There are some specific terms that are used to describe the different types of camera movement, and we’ll go over them here. Each of these terms relates to moving the camera along the horizontal, vertical, or depth axis (x, y, or z) in relation to your subject. Descriptions of other terminology can be found in our handy and helpful glossary.
The Pan is when the camera pivots horizontally while it stays otherwise stationary. Imagine an invisible, vertical line going down through the top of your camera, allowing it to spin left or right around this axis. Panning is used to slide a shot from one person to another, to add action to a tense scene, or to introduce a new element that was previously outside the frame.
Tilt is an up-down type of camera movement where the frame changes vertically as the camera stays in place. It can be thought of just the same as a pan, except that the camera moves along its horizontal x axis and the framed area moves from the “ground” to the “sky,” or vice versa. A tilt can show the base of a tree trunk all the way up to its tallest branches, or the foot of a giant, and extend up until you can see the top of the giant’s head.
A Dolly is physical camera movement toward or away from its subject. For example, there are scenes in movies that begin in outer space. The camera begins to dolly in and you see the galaxy, the solar system, the earth, the continent, the country, the city, the building, the person, etc. This would be an example of an extreme (and at least partially computer-generated) dolly. A normal dolly is just movement along the ground in relation to whatever is being filmed.
The Truck is the movement past or alongside an object. You might see a train moving at a high rate of speed with the camera trucking along beside it. A truck does not necessarily keep anything within a certain distance, but is simply the camera moving along a path while facing sideways. When you’re in the car and you look out the window, if your eyes were the camera they’d essentially be “trucking” along the scenery beside the road you’re on.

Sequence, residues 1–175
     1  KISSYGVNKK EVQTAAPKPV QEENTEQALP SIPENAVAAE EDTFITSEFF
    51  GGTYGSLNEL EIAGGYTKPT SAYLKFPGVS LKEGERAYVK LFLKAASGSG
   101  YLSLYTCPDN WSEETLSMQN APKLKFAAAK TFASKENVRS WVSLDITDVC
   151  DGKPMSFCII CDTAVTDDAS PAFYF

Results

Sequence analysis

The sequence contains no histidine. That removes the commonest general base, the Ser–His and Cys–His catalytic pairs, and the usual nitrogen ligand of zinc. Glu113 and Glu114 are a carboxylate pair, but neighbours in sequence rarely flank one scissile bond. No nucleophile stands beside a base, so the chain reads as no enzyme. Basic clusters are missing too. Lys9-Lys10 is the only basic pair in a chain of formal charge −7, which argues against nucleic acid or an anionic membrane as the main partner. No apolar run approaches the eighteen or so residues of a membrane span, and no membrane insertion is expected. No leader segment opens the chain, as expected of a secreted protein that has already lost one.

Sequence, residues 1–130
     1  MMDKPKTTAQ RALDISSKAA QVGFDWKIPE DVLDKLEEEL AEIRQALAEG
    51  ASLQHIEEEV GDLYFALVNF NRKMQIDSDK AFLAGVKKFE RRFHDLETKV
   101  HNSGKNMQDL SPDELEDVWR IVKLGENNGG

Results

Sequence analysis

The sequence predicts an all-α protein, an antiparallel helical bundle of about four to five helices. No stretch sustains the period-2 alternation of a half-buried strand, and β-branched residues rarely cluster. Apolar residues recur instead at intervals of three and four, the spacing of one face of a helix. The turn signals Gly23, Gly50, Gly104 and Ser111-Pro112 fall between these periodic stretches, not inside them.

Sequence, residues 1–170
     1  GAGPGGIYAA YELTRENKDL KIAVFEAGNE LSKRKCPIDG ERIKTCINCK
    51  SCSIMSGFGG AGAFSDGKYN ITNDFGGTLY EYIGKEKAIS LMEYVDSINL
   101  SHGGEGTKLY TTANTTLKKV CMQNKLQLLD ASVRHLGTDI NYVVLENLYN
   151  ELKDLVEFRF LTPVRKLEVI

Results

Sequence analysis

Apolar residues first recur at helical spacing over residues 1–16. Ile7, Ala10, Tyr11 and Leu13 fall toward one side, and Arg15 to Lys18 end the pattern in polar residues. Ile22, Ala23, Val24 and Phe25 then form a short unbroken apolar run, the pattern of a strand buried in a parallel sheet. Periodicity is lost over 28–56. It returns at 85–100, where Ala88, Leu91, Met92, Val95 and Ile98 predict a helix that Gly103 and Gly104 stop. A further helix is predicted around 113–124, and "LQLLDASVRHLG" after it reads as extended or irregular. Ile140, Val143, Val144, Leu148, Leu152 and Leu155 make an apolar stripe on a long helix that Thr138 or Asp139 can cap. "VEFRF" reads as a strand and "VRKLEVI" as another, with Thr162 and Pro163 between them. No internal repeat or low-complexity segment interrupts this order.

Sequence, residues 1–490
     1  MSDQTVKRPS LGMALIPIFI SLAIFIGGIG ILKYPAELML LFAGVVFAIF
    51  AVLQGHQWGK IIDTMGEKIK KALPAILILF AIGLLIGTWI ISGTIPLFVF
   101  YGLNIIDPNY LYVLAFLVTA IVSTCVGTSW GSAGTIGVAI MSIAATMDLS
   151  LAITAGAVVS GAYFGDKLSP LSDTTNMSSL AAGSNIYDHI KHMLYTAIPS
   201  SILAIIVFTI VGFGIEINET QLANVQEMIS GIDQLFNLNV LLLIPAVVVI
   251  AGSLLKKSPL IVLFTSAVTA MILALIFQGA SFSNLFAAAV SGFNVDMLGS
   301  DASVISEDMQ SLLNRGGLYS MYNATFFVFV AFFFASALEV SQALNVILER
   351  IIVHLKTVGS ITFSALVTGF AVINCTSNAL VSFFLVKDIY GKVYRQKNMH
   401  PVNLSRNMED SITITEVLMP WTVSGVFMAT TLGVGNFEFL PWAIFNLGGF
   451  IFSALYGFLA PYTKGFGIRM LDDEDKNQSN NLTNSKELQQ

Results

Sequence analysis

Pedestal shots are another movement of the camera in space, this time along the y axis. The same situations mentioned with the tilt movements above could be applied to the pedestal shot, except that instead of pivoting up and down to view the range of areas in the shot, the camera actually moves (rather than rotating) up and down from the bottom point to the top, or the opposite.
An Arc is a fairly difficult shot to pull off free-hand. This is when the camera rotates around its subject, keeping the same distance but changing the angle at which it views that subject. The slow-motion arcs in the Matrix movies are perhaps the best and most widely recognized example of this technique (although those were done with multiple cameras instead of just one).
Knowing Your Camera Movements
Knowing these terms is important, especially if you are not always behind the camera or if you’re working with multiple cameras on a shoot and thus multiple camerapersons. Incorporating a variety of different types of camera movement, or just choosing a few specific movements for your camera will allow you to make a stylized film that guides your viewers through the visual space you’ve created. For further reading on creating an effective visual space, take a look at film composition.